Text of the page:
CHAPEL HILL - Editor’s note:
This is the first of two stories interviewing candidates for the Orange County Board of Commissioners on the May 8 primary ballot.
Three candidates are competing for two District 1 seats in Democratic primary for the Orange County Board of Commissioners. With no Republicans running in District 1, representing the Chapel Hill-Carrboro area, the May 8 primary will likely fill these seats.
Incumbent Pam Hemminger is running for a second term. Town Council member Penny Rich and former Carrboro Alderman Mark Dorosin are also running.
The second open seat is now held by Commissioner Valerie Foushee, who decided to step off to run for state House District 50.
If Rich is elected, the Town Council would accept applications and appoint a replacement.
“A number of people asked me to run,” Rich said. “No one has said to me, ‘Well you’re cutting out on Chapel Hill. I (would) still represent Chapel Hill; I just (would) represent them in a different way.”
Election day is May 8, with early voting under way. You can read fuller version of the candidates’ answers on the OrangeChat blog. Q
: What is your position on Triangle Transit’s regional transit plan? Should light rail be included? Are you concerned that a new tax, if approved, may not fully fund the plan? Mark Dorosin
: The commissioners have done a really poor job selling the comprehensive nature of the transit plan and its importance for the whole county. They’ve really let the debate shift from this argument about who’s going to get to ride on the train or on the bus. That’s a really short-sighted way of looking at transit. There will be clean air, reduced reliance on fossil fuels; there will be reduction in sprawl, opportunities for transit-oriented development. We’ll be able to be better able to take advantage of the fact that lots of people come into the county to work and lots of people go out of the county to work and we’ll be able to move those people around more effectively. Pam Hemminger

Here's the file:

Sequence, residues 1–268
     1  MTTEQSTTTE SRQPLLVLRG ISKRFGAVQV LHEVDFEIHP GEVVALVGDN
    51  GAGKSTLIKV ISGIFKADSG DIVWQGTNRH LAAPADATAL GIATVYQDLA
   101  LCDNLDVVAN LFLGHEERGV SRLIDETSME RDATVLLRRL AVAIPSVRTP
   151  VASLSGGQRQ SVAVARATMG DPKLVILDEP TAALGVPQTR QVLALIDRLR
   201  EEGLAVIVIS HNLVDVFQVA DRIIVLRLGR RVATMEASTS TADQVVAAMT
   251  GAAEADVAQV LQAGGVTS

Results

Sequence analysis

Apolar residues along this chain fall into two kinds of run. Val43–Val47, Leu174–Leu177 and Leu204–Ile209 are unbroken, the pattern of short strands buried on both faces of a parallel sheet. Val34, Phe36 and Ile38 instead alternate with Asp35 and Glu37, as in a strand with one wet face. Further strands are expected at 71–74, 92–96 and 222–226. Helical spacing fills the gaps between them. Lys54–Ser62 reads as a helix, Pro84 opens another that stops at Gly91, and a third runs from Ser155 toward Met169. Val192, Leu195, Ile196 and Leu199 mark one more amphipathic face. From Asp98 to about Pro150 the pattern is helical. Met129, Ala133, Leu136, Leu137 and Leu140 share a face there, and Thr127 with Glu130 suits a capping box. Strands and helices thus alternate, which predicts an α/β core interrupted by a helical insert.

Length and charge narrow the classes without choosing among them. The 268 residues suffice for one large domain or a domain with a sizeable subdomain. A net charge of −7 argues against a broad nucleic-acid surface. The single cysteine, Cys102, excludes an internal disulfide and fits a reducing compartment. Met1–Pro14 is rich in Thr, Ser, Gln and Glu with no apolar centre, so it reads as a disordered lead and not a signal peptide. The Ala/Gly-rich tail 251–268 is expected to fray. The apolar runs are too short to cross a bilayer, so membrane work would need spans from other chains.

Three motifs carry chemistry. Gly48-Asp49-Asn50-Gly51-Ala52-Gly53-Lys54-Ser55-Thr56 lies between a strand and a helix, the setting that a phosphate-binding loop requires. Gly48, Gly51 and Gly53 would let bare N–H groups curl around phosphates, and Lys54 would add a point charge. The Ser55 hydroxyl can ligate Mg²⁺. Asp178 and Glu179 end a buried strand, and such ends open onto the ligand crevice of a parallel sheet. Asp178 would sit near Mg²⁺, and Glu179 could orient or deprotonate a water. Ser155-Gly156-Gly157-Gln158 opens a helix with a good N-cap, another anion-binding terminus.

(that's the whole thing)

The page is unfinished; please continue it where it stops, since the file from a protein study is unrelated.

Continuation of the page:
: We need transit improvements desperately for both the rural and towns and it’s got to be a regional approach. Increased bus hours for me was enough to say I would like to put this sales tax option out there for voters because we need these bus hours no matter what we do and nobody has that in their general fund to do. Bus hours are expensive and the light rail is a fabulous option. I’m not sure how real it is; I don’t know that the federal government or the state is going to back us up on this. We could end up with bus rapid transit; we could end up with commuter lines. I think the options are out there, but we need to pass the tax to fund anything. Penny Rich
: We’ve been talking about light rail for 15 years now. I understand the concerns that folks feel that they wouldn’t use the light rail, that it wouldn’t benefit them. But studies show that whether you step foot on light rail or not it will benefit the county. Let’s bring it to the people, absolutely. Let the people vote on it. The county commissionerss can say they don’t like it, but if the constituents want light rail or if they want bus rapid transit let them vote on it. Q
. How should the county deal with its trash and how will it pay for it when the landfill closes? Dorosin